[15]   Manoli, F. and Dalas, E. (1999) Mass Transfer in AlN Crystal Growth at High Temperatures. Journal of Crystal Growth, 201, 369-378.

[16]   Manoli, F., Kout-sopoulos, S. and Dalas, E. (1997) Crystallization of Calcite on Chitin. Journal of Crystal Growth, 182, 116-124.

[17]   Kato, T., Suzuki, T., Amamiya, T. and Komiyama, N. (1998) Effects of Macromolecules on the Crystalliza-tion of CaCO3 the Formation of Organic/Inorganic Composites. Supramolecular Sci-ence, 5, 411-415.

[18]   Kato, T., Takuo, S. and Taku, I. (2000) Layered Thin-Film Composite Consisting of Polymers and Calcium Carbonate: A Novel Organic/Inorganic Material with an Organized Structure. Chemistry Letters, 29, 186-187.

[19]   Vucak, M., Peric, J., Pons, M.N. and Chanel, S. (1999) Morphological Development in Calcium Carbonate Precipitation by the Ethanolamine Process. Powder Technology, 101, 1-6.

[20]   Reddy, M.M. and Wang, K.K. (1980) Crystallization of Calcium Carbonate in the Presence of Metal Ions: I. Inhibition by Magnesium Ion at pH 8.8 and 25 ?C. Journal of Crystal Growth, 50, 470-480.

[21]   Mucci, A. and Morse, J.W. (1983) The Incorporation of Mg2+ and Sr2+ into Calcite Overgrowths: Influences of Growth Rate and Solution Composition. Geochimica et Cosmochimica Acta, 47, 217-233.

[22]   Falini, G., Gazzano, M. and Ripamonti, A. (1996) Magnesium Calcite Crystallizatin from Water-Alcohol Mixtures. Chemical Communications, No. 9, 1037-1038.

[23]   Falini, G., Fermani, S., Gazzano, M. and Ripmonti, A. (1997) Biomimetic Crystallization of Calcium Carbonate Poly-morphs by Means of Collagenous Matrices. Chemistry: A European Journal, 3, 1807-1814.

[24]   Raz, S., Weiner, S. and Addadi, L. (2000) Formation of High-Magnesian Calcites via an Amorphous Precursor Phase: Possible Biological Implications. Advanced Materials, 12, 38-42.

[25]   Wilson, R.M., Seshadri, R. and Meldrum, F.C. (2003) The Role of Magnesium in Stabilising Amorphous Calcium Carbonate and Controlling Calcite Morphologies. Journal of Crystal Growth, 254, 206-218.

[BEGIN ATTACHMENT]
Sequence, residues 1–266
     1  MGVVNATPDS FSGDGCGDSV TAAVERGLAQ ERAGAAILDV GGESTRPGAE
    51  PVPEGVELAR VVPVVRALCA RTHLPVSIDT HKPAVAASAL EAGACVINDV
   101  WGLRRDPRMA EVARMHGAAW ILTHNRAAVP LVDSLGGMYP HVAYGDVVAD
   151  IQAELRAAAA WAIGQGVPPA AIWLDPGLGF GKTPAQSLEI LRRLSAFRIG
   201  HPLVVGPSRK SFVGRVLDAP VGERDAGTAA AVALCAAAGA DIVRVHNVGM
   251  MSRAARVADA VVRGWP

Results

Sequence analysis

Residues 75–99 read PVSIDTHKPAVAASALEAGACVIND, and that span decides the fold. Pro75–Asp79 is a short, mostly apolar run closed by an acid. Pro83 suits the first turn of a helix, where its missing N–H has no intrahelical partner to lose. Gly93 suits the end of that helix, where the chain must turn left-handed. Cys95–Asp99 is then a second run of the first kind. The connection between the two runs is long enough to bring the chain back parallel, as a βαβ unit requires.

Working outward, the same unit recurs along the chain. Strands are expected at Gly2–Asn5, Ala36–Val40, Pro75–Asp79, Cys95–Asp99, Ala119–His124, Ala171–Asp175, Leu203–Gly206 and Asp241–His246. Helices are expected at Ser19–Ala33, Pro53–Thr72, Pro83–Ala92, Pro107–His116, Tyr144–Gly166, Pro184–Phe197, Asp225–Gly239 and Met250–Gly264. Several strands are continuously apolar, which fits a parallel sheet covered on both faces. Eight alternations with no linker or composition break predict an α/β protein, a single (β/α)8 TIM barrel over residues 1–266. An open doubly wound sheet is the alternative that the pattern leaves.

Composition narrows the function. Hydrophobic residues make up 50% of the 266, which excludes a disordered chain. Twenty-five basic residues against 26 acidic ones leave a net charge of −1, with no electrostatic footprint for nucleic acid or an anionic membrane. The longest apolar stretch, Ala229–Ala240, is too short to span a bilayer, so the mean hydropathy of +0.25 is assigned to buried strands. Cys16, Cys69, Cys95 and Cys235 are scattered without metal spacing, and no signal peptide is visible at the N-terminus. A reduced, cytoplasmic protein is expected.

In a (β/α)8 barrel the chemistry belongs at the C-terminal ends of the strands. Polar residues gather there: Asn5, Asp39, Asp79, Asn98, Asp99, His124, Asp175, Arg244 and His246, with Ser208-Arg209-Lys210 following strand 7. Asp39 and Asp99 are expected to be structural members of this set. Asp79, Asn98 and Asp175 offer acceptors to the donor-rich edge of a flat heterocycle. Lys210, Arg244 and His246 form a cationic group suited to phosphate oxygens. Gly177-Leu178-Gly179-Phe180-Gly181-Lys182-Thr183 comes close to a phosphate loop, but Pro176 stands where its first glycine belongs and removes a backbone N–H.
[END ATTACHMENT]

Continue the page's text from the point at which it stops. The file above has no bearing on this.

[26]   Zhang, Y. and Dawe, R.A. (2000) Influence of Mg2+ on the Kinetics of Calcite Precipitation and Calcite Crystal Morphology. Chemical Geology, 163, 129-138.

[27]   Falini, G., Gazzano, M. and Ripamonti, A. (1994) Crystallization of Calcium Carbonate in Presence of Magnesium and Polyelectrolytesf. Journal of Crystal Growth, 137, 577-584.

[28]   Sugawara, A. and Kato, T. (2000) Aragonite CaCO3 Thin-Film Formation by Cooperation of Mg2+ and Organic Polymer Matrices. Chemical Communications, No. 6, 487-488.

[29]   Meldruma, F.C. and Hyde, S.T. (2001) Morphological Influence of Magnesium and Organic Additives on the Precipitation of Calcite. Journal of Crystal Growth, 231, 544-558.

[30]   Pins, G.D., Chirstiansen, D.L., Patel, R. and Silver, F.H. (1997) Self-Assembly of Collagen Fibers. Influence of Fibrillar Alignment and Decorin on Mechanical Properties. Biophysical Journal, 73, 2164-2172.

[31]   Aizenberg, J., Hanson, J., Weiner, S. and Addadi, L. (1997) Control of Macromolecule Distribution within Synthetic and Biogenic Single Calcite Crystals. Journal of the American Chemical Society, 119, 881-886.

[32]   Kitano, Y. (1962) The Behavior of Various Inorganic Ions in the Separation of Calcium Carbonate from a Bicarbonate Solution. Bulletin of the Chemical Society of Japan, 35, 1973-1980.

[33]   Noyes, R.M. (1962) Thermodynamics of Ion Hydration as a Measure of Effective Dielectric Properties of Water. Journal of the American Chemical Society, 84, 513-522.

[34]   McCanley, J.W. and Roy, R. (1974) Controlled Nucleation and Crystal Growth of Various CaCO3 Phases by the Silica Gel Technique. American Mineralogist, 59, 947-963.